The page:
Exterior wall assemblies must pass NFPA test
8 months, 3 weeks ago
Flammable exterior cladding can cause flames to spread quickly from the outside. Decoding the Code takes a look at how rules vary by use, material.
Note: The sections of the International Building Code cited below are from the 2021 edition.
The International Building Code (IBC) classifies buildings into five basic types, depending on whether the exterior and interior structures are either combustible or non-combustible. Types I, II, III, and IV all include non-combustible exterior walls. Therefore, the code regulates components located in these walls that are typically combustible, such as weather barriers (section 1402.5), plastic foam insulation (section 2603.5.5), and combustible claddings such as high-pressure decorative exterior-grade compact laminates (section 1408.10.4) and metal composite materials (section 1406.10.3).
NFPA 285 is a fire test standard that is referenced in the two aforementioned sections of the IBC, and is used to measure the potential for an exterior wall assembly to spread fire on the exterior side of a building, both horizontally and vertically. This test, and its predecessors, have been around since the 1980s. For the test, the assembly undergoing the test is constructed as it would be in the field on one side of a two-story test structure. The tested assembly has a window on the first floor. During the test the wall is subjected to fire for thirty minutes. Successful completion of the test depends on the wall assembly’s ability to limit flame spread and temperatures.
NFPA 285 is an assembly test. Therefore, all the components of the exterior wall must be tested together and comply. Individual components that were part of an approved assembly cannot be marked as passing NFPA 285. Many manufacturers have procured testing on their products and have published assemblies that pass NFPA 285. If designers elect to use a wall assembly that hasn’t undergone testing and compliance with NFPA 285 is code required, then it would need to be tested, which would add cost to the project and lengthen the schedule.
It is important to be familiar with the code requirements because there are exceptions that alleviate a combustible exterior wall assembly from compliance with NFPA 285. For example, in construction types I, II, III, and IV, exterior wall assemblies that include metal composite materials are only required to comply with NFPA 285 if the exterior wall is forty feet above grade plane (section 1406.10). Similarly, exterior walls of the aforementioned construction type that contain a combustible weather barrier do not need to comply with NFPA 285 if they are less than forty feet above grade plane or if the water-resistant barrier is the only combustible component in the wall with a facade of brick, concrete, stone, terra cotta, stucco, or steel with a prescribed thickness.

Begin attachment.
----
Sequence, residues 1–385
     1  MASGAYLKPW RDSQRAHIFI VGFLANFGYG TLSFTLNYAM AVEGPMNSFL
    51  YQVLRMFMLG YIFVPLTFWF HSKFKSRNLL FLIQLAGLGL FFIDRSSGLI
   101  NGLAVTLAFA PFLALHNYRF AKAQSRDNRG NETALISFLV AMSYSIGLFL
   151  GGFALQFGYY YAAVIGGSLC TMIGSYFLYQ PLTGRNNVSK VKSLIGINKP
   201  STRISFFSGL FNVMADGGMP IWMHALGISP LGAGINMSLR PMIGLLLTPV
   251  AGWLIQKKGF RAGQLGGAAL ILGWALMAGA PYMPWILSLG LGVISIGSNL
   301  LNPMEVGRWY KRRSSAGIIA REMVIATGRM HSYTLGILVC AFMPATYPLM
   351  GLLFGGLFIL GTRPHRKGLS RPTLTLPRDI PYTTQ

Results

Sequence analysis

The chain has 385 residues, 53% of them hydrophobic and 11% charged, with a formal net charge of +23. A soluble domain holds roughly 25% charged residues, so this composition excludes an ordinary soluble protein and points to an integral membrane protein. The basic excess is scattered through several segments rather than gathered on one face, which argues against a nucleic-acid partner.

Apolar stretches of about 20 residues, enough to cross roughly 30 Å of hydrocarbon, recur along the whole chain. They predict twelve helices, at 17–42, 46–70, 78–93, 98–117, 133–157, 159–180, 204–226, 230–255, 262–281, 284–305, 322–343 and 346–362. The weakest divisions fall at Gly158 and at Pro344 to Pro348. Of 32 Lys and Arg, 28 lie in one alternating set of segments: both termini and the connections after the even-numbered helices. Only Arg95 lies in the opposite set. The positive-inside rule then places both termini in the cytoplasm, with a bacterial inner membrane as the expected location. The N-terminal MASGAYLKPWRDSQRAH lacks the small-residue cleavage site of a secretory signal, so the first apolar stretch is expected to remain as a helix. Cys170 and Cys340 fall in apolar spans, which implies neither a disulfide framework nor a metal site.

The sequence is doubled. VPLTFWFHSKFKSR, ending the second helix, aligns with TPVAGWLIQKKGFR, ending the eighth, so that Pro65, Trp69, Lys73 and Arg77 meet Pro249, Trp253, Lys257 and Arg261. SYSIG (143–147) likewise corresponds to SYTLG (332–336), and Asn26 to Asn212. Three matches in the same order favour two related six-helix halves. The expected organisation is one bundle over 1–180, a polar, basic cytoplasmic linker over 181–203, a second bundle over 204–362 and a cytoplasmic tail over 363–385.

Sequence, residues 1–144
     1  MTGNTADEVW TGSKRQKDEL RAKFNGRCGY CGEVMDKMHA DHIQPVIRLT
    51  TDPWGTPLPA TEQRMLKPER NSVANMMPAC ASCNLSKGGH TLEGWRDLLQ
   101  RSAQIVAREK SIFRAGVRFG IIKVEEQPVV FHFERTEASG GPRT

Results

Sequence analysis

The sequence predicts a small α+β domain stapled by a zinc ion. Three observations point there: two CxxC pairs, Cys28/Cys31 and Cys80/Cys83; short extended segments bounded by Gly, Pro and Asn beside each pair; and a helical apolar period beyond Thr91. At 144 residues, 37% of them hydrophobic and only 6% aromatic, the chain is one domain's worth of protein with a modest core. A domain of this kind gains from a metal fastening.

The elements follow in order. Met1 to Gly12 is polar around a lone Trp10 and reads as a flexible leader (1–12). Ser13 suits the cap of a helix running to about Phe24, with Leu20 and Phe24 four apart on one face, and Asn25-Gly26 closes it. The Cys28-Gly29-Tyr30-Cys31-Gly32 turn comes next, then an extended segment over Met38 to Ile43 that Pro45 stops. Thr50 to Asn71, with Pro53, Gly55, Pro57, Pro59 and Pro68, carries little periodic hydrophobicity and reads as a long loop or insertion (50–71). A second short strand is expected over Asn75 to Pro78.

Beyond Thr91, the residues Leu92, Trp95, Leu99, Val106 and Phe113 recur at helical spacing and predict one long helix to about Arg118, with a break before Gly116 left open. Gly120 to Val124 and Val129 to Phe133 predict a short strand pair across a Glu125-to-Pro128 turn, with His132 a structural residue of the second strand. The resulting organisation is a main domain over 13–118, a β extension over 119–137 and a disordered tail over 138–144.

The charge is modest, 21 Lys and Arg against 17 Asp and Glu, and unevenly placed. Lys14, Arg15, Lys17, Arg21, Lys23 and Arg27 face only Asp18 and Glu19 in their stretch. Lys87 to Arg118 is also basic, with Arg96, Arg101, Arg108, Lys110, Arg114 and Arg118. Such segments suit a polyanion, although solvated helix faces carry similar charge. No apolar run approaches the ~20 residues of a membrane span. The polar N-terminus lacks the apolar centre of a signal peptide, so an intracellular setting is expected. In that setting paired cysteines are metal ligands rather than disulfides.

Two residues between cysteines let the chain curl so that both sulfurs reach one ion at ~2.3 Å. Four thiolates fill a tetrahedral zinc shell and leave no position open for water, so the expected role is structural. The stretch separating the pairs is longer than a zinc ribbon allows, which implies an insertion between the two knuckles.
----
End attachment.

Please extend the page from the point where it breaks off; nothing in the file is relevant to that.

If compliance with NFPA 285 is required for a project, it is important that the designers and contractors take that into consideration when proposing alternate products in the exterior wall. Substituting just one material may cause an exterior wall assembly to lose its NFPA 285 test compliance and require testing of the proposed assembly, causing schedule delays and requiring additional project funding.
About the Author
Ellen McCulley graduated magna cum laude with a Bachelor of Architecture degree from Iowa State University, where she received the Pella Architectural Award from the Department of Architecture in the College of Design. She is a registered architect in Iowa, Illinois, Nebraska and Missouri, and joined Nelson Design, Inc., a wholly owned subsidiary of Carl A. Nelson & Company, in 2012.
How to obtain code review for your project or facility
Carl A. Nelson & Company is available to help clients address code-related issues in their facilities. Call (319) 754-8415 and ask for Ellen McCulley. Review past installments of Decoding the Code at www.carlanelsoncoconstruction.com/decoding-the-code/